Weigh yourself regularly. Sounds too simple, but Dr. Sciamanna's research confirms what we first learned from the National Weight Control Registry. People who weigh themselves most often and most consistently are best at catching and releasing new pounds before those interlopers acquire residency status.
Plan your meals. You can maintain your weight with a low-fat, low-carb, or well-balanced diet; just pick one and stick with it. That takes planning. The Penn State team confirmed that people who successfully maintain their weight tend to eat the same things most of the time, but they vary what goes with these foods. A grilled-chicken salad will taste different if you use mixed greens with mustard vinaigrette instead of spinach with raspberry vinaigrette. Add chopped vegetables to the former and sliced fruit to the latter for even more variety. You're still having "a salad" for dinner. A standard meal that you can modify allows you to be consistent without being boring.
Make a list before you shop. The "plan your meals" bit works only if you also write down everything you need before you shop. Again, it's common sense, but it's uncommonly used.
Focus on process, not outcome. When you're losing weight, you think of an outcome and then find a process that takes you there. For weight maintenance, it helps to start with the process. Try these sustainable habits.
Drink a lot of water. The water itself may or may not be important for weight control, but the practice of drinking it throughout the day serves as a gentle between-meals reminder.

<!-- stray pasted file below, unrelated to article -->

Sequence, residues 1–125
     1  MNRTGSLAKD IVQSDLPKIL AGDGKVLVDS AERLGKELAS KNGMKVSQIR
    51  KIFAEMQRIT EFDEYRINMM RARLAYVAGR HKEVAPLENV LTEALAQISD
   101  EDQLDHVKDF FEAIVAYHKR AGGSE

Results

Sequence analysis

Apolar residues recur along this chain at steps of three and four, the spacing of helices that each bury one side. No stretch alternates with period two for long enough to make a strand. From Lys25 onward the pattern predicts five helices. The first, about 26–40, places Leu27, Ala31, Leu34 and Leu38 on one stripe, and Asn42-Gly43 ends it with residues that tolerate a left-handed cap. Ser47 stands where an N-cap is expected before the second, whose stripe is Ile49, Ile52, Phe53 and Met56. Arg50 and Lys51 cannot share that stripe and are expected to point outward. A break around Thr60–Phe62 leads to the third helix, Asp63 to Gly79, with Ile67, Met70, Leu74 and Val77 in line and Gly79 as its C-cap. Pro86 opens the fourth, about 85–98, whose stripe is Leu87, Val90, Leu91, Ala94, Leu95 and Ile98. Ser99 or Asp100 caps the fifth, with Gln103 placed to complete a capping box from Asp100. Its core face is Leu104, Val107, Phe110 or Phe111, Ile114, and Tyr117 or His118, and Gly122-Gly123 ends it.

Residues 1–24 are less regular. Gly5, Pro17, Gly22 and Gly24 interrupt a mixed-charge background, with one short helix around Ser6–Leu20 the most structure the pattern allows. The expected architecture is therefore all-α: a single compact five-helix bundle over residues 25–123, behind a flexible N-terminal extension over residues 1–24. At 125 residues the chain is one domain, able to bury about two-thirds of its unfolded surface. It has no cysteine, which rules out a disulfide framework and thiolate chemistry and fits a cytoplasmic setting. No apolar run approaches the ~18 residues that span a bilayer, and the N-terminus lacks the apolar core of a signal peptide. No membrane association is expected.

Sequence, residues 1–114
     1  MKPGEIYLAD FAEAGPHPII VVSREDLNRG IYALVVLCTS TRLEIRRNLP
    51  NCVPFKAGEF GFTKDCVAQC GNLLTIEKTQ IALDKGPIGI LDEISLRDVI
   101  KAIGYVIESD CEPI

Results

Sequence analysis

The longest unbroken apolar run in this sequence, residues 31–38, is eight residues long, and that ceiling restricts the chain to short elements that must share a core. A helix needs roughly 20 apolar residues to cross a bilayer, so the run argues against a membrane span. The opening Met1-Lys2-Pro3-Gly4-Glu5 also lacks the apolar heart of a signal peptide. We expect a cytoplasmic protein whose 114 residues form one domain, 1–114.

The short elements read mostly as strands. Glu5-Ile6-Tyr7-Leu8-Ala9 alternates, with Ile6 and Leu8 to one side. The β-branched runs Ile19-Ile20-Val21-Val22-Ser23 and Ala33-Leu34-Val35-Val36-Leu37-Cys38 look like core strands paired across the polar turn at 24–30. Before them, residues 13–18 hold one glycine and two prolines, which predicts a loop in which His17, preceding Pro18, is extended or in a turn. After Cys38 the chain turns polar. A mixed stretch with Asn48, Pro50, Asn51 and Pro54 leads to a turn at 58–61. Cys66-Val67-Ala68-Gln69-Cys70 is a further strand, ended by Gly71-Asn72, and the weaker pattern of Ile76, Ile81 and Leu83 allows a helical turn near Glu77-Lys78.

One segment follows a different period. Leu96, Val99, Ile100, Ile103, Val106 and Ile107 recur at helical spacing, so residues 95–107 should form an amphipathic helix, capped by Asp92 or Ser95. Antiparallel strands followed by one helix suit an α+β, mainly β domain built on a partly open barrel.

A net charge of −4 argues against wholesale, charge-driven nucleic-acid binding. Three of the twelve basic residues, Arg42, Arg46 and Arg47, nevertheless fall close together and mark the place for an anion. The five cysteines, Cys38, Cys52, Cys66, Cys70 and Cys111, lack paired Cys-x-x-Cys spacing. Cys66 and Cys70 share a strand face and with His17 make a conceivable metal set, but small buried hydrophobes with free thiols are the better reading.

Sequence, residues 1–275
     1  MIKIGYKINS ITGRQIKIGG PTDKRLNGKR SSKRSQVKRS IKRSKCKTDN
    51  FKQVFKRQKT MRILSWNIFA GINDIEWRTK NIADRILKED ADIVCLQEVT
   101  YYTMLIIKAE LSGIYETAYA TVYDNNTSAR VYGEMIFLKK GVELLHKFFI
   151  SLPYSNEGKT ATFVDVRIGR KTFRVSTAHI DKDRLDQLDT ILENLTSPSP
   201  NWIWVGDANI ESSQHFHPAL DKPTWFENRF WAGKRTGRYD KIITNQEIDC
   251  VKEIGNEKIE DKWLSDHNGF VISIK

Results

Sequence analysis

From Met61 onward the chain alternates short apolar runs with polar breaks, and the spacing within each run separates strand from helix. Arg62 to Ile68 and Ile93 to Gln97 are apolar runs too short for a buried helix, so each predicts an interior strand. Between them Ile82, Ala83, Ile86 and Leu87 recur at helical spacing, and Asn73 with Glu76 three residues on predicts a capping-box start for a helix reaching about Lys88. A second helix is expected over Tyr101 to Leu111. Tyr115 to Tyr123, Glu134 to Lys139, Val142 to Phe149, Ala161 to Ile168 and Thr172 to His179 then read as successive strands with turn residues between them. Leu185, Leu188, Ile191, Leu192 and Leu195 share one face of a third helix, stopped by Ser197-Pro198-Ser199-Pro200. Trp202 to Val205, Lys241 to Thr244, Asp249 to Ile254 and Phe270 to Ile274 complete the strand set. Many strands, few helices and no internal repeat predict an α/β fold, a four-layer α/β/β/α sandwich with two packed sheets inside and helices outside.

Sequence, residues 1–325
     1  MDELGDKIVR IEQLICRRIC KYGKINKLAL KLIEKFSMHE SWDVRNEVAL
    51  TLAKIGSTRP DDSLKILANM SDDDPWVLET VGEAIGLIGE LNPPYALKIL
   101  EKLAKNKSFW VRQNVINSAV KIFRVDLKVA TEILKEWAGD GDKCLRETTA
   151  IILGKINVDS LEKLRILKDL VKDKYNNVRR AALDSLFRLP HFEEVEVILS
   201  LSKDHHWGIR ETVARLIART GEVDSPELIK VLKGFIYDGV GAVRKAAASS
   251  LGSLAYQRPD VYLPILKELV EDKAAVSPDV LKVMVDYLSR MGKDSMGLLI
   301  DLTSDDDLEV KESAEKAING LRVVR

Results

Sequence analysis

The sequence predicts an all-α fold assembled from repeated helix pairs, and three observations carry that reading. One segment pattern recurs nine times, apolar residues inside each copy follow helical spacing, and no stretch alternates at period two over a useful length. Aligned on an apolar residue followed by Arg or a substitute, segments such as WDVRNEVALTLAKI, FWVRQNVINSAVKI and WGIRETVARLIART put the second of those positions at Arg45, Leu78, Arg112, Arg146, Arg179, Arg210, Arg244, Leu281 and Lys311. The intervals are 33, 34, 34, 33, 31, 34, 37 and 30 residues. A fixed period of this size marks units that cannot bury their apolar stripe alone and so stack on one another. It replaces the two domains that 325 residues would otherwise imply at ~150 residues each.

Eat the same number of meals a day. It doesn't matter if you have three, four, or six. You just can't skip a meal or planned snack. It disrupts your hunger cues and puts you at risk of eating stuff you'd typically avoid, or of overeating when you finally do eat.
Include fruits, vegetables, and/or lean protein in every meal. A large body of research, including Dr. Sciamanna's, shows the importance of eating protein and fresh, fiber-rich foods among those who successfully manage their weight.
Follow a consistent exercise routine. You don't have to crush it every time, but you do have to show up. Alwyn Cosgrove, C.S.C.S., owner of Results Fitness in Santa Clarita, California, suggests setting a monthly goal for workouts. Tell yourself you'll go 20 times and you'll force yourself to do four or five workouts a week.
Think like a winner. The latest research from the Penn State team shows a major attitude adjustment among people who win at permanent weight loss. If you want to join their ranks...
Reward yourself. Weight loss is about deprivation. Weight maintenance works best when you occasionally give in to temptation.
Remind yourself why you need to stay vigilant. You may be thinner on the outside, but inside you still have billions of depleted fat cells longing to return to their days of greasy glory. It helps to keep mementos of your inflated past. A photo on the fridge should work.
But don't forget your accomplishment. When you need a confidence boost, go to the mall to observe the well-fed fauna. Isn't it nice to know you're no longer a member of that herd?
Eat to keep the weight off. Find a nutrition plan for you.